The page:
16 Jun 2015
The intention of TUPE, the Transfer of Undertakings (Protection of Employment) Regulations, is to protect employees if the business (or the part of the business) in which they work changes hands. The main impact of TUPE is that employees transfer into the employment of the acquiring employer, as do most employment rights and liabilities associated with them. The legislation as to how and when it applies can be complex for a business to comply with, so here are our thoughts on what you can do to make it as easy as possible.
Employers involved in a business transfer must inform appropriate representatives of the affected employees about the transfer and consult on any proposed measures. Certain specified information must be provided to the representatives long enough before the transfer to enable the outgoing employer to consult with them about it.
If there are any changes or proposals for changes following the transfer, these “measures” will have to be discussed with the representatives of the affected employees. The incoming employer is required to provide the outgoing employer with information on proposed measures to allow the outgoing employer to comply with its duty to inform and consult. There is no set timetable for consultation, but the larger the transaction and the more staff affected, the longer the timetable will need to be.
If there is a failure to inform and consult, a complaint can be made to the Employment Tribunal. If successful, the Tribunal can award an amount of compensation that it considers just and equitable, subject to a maximum award of 13 weeks’ pay per affected employee. Information and consultation failures can result in liability for both the outgoing and incoming employers, although the contract between the seller and buyer governing the transfer can apportion who is responsible for the liability. If there are a large number of employees involved, the cumulative sums can be very substantial.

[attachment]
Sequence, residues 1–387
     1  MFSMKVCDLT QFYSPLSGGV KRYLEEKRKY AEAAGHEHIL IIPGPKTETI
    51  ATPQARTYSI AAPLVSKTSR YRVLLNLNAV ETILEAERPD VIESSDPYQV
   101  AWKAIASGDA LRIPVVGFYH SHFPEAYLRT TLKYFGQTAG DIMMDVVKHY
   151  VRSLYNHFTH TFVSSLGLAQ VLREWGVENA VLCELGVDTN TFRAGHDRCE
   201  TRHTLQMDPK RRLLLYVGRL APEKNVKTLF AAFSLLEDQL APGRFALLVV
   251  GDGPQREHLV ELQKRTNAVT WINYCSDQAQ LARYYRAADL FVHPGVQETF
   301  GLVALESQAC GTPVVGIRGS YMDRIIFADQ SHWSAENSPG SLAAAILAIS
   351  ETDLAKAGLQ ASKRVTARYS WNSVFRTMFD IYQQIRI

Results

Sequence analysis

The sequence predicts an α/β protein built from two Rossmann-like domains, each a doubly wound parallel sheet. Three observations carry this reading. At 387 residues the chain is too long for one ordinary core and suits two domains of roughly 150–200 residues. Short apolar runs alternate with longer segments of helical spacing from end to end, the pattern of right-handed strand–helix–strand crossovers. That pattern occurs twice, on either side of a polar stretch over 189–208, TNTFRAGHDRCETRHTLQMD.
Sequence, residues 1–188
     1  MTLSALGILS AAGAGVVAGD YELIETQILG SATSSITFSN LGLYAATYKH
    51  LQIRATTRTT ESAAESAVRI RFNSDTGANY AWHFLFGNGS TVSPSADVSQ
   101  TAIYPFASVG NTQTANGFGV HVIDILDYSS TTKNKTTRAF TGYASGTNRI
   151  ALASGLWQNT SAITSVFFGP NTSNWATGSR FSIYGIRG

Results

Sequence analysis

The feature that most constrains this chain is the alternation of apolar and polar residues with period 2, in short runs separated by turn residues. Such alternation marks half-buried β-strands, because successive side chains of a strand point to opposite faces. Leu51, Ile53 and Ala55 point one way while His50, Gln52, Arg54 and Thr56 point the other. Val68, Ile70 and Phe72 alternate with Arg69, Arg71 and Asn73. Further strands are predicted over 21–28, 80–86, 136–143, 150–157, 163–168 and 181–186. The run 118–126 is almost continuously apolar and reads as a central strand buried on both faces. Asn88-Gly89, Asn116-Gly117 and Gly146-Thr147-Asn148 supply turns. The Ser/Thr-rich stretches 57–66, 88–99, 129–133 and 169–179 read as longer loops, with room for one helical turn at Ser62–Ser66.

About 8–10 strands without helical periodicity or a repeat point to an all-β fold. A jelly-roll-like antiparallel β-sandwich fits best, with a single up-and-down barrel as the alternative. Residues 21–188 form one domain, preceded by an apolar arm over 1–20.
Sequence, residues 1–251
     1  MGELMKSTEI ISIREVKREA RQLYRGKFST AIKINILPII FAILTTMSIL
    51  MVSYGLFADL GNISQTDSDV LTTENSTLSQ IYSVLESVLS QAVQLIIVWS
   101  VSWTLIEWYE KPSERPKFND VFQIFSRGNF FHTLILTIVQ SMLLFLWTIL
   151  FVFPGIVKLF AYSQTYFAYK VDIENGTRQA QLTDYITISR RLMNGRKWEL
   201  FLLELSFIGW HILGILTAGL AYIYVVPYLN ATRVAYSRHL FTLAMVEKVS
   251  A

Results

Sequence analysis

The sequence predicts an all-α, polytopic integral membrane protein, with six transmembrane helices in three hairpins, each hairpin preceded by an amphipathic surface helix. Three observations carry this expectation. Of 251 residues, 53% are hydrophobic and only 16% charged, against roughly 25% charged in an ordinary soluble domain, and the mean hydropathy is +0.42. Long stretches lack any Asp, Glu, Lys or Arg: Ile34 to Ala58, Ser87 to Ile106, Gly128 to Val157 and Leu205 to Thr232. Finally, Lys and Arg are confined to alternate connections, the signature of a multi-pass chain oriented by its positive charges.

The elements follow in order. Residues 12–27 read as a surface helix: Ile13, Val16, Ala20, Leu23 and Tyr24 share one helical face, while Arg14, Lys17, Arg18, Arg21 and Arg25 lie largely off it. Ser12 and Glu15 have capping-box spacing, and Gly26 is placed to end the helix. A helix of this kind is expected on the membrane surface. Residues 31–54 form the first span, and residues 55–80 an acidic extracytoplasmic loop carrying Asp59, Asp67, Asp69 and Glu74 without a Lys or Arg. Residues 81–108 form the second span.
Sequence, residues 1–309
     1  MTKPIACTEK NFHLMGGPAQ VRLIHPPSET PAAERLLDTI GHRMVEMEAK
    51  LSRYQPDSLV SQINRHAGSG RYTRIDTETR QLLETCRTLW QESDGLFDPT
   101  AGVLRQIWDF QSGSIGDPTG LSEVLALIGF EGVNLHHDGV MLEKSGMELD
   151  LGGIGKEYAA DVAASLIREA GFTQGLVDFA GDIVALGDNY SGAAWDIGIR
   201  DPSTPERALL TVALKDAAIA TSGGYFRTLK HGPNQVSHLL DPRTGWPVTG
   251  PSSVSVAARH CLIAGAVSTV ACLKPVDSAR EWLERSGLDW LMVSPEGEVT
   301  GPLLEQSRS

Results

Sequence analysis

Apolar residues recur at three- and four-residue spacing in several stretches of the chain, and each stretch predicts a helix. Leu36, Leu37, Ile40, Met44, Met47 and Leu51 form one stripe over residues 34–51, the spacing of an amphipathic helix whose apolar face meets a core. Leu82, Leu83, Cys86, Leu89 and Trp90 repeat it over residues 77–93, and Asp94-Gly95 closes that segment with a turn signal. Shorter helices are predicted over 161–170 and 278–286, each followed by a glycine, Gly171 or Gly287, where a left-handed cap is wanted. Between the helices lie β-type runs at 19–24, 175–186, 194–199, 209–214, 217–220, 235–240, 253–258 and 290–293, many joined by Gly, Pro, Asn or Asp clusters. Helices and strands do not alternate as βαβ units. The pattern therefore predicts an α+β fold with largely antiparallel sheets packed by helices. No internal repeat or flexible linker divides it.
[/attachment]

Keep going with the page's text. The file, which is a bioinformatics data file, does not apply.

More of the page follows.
The outgoing employer has a duty to provide the incoming employer with written details of the transferring employees, including identity, age, particulars of employment, disciplinary and grievance records, employee claims and collective agreements. Information must be given not less than 14 days before the transfer, although in practice the incoming employer will aim to attain this information much earlier.
If there is a failure to comply with this duty by the outgoing employer, the incoming employer can apply to the Tribunal for compensation, which will be assessed with regard to the losses suffered, with a minimum award of £500 per employee.
To be honest, that’s not the question. TUPE applies by operation of law and ultimately, whether or not it applies can only be determined by an employment tribunal. They will scrutinise any transaction if it is argued that the parties are trying to avoid TUPE. If the wrong decision is made on the application of TUPE, any employees who are dismissed will have a claim to an employment tribunal that their dismissal is automatically unfair.
Steps can be taken to divide liabilities and responsibilities between outgoing and incoming employers, which will always require specialist legal advice. Our experienced team can help you with support and advice, so get in touch today.
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